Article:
The IRS Has a Lien Against Me: What Do You Do? Tax Lien Release and Discharge (Part 6)

Where an individual or business owes IRS taxes, Congress has given the IRS a tax lien against all the assets of the taxpayer.  The lien covers real estate, homes, furniture, cars, investments, and nearly everything an individual may own. The IRS tax lien also covers all the assets of a business that owes taxes.

The IRS will also record a notice of this tax lien against a taxpayer, typically in the county where deeds are maintained. Once the notice of the tax lien is recorded, most counties publish the lien recording electronically and this information then “goes out to the world.” The information in the tax lien notice identifies the individual or business that owes the tax, his/her/its address, and the type and amount of taxes (and penalties and interest) owed. Once the tax lien notice is posted, the taxpayer’s credit rating will be affected.

The IRS will “release” its tax lien if all taxes, penalties, and interest reflected in the lien notice are paid. Most IRS tax lien notices are electronically-filed through the IRS “Automated Collection System,” and even after full payment of taxes, it can take the IRS months to actually release a tax lien notice. This process can be expedited, however, often with direct contact with IRS representatives.

If an IRS tax lien has been filed, and the taxpayer wishes to sell property but the sale proceeds will not fully pay all the taxes owed, the IRS can partially “discharge” its tax lien in the specific property being sold, but otherwise, retain its lien in other property of the taxpayer. The discharge process does allow taxpayers who owe taxes to sell property, with the lien being removed from the property, in order to accommodate a sale; however, under the IRS lien discharge process, the IRS requires that the taxpayer’s full “net equity” in the property (after closing costs) be paid to the IRS as a condition of the lien discharge.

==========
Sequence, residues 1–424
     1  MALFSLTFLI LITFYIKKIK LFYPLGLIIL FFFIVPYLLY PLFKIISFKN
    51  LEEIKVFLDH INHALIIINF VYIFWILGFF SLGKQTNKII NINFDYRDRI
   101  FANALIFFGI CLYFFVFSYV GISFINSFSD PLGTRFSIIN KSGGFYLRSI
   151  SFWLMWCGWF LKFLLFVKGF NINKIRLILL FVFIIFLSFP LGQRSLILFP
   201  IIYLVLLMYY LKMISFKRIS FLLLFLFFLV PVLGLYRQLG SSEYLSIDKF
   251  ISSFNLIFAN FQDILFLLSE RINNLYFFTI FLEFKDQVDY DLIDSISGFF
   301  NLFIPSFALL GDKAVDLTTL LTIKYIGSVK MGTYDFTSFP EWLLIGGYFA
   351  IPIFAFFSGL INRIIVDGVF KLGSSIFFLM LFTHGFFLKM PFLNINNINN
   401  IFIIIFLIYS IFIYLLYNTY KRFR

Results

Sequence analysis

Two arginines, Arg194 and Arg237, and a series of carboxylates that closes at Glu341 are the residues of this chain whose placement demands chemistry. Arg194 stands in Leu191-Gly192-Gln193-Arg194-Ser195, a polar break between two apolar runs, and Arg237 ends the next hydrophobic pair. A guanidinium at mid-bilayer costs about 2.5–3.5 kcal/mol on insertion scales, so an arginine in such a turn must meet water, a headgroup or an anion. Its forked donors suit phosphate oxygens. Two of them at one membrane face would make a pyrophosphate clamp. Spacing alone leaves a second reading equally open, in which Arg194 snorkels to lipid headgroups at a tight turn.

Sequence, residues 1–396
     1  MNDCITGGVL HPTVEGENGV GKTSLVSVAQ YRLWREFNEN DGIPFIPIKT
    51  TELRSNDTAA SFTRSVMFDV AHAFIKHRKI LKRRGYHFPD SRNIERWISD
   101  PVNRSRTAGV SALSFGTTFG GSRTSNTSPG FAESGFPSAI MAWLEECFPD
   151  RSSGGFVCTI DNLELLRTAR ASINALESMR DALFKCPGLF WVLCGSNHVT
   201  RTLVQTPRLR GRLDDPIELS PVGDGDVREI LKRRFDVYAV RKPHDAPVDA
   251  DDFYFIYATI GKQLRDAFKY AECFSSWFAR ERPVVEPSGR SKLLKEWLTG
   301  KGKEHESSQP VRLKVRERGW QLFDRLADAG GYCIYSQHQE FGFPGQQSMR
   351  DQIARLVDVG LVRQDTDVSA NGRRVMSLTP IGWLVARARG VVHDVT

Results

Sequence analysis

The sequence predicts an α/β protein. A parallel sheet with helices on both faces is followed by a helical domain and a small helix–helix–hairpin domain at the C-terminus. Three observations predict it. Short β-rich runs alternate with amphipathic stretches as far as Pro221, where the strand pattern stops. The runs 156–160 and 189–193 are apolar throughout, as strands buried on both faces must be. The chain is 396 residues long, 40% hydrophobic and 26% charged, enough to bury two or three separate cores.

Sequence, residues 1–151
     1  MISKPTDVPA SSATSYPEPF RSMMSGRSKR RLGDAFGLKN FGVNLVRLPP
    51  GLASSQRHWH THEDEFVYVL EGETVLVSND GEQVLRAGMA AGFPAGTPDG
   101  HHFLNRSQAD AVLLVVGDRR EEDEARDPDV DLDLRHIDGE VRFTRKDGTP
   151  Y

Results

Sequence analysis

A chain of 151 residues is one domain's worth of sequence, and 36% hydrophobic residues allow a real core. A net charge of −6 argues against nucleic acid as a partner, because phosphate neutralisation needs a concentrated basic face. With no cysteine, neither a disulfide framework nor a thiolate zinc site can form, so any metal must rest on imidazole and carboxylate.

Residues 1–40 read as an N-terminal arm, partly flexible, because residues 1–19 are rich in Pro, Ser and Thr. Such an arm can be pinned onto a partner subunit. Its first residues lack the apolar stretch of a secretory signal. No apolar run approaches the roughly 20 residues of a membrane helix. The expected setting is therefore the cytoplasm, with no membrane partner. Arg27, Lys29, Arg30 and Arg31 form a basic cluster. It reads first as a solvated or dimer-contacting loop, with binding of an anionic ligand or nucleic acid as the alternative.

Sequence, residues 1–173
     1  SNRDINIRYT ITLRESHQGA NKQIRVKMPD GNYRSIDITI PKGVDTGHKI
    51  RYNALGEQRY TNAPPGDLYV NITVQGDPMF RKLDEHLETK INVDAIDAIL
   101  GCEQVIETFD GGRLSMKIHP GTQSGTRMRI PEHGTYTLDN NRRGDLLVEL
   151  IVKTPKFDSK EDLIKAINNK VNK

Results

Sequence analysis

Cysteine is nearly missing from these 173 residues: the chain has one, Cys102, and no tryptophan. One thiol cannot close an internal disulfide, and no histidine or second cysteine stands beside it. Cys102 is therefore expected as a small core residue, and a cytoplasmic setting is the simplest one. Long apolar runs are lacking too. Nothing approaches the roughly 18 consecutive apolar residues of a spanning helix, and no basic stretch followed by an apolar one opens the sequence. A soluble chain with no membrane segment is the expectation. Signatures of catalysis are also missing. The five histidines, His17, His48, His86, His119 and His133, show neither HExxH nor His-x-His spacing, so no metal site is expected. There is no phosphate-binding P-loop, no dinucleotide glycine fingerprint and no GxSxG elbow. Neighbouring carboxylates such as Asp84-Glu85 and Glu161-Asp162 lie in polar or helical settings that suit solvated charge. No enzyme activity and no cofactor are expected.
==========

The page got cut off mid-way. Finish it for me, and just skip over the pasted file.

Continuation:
Taxpayers seeking a lien release or discharge in specific property rarely should go through this process without professional tax advice.

About the Author

Erik P. Doerring
Erik leads the firm's economic development and tax practices. He is a business lawyer, with the skills of a tax litigator. Prior to joining McNair, Erik was an attorney with the IRS Office of Chief Counsel and the U.S. Department of Justice, Tax Division.